If it was so easy for me to infiltrate these secretive groups, how much did our governments know about terrorist operations before they occurred? I think terrorists would have been much too security conscious to let an amateur, uneducated and naïve boy bluff and blunder his way into their inner terrorist circles.
The camps I attended were not Al-Qaeda, and I did not learn or hear about such an organisation until my arrival in Guantanamo Bay. Firstly, how can anyone make such an assumption when they were not in Afghanistan at the time that I was? Most importantly, it has never been proven that they were al-Qaeda camps because I was never given a trial. The journalists who allege I was associated with Al Qaeda are relying on the same politicians who claimed all GTMO detainees were the world’s ‘worst of the worst’ and the same people who said that Iraq had weapons of mass destruction.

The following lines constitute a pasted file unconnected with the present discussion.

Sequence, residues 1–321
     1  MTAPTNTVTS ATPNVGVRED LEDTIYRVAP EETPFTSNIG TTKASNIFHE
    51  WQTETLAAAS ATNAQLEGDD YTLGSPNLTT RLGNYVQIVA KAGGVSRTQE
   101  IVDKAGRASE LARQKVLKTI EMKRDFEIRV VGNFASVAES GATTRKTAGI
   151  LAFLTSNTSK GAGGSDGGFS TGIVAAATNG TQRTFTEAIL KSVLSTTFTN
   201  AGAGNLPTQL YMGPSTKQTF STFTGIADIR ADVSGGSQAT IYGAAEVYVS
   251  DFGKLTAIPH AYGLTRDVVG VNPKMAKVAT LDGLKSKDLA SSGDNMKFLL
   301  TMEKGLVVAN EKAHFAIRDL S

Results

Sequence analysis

There is also an accusation that I was offered a suicide mission. That never happened. In 2004 Major Mori came to visit me in GTMO and showed me a TV interview of an interrogator who claimed I was a high value asset because I was a literal ‘treasure trove’ of information about Al-Qaeda, no torture was necessary to get me to cooperate, and in the same interview he mentioned for the first and only time this suicide story. This US soldier claimed he learned such information by personally interviewing me.
Mori asked if I recognised this man and I didn’t. Mori did some investigating and discovered that this individual was in fact the head of an interrogation team, but had never personally met with any detainees, let alone me. It turned out this interview was just a propaganda piece on behalf of the US to demonize me, which they did to all detainees at one point or another to try and justify holding us without charge. The accusation is false and was resolved a long time ago along with many other ‘stories’ that are still occasionally cast as factual, though not as often now. I was never even accused, let alone charged, tried or convicted, of being involved in a proposed suicide mission.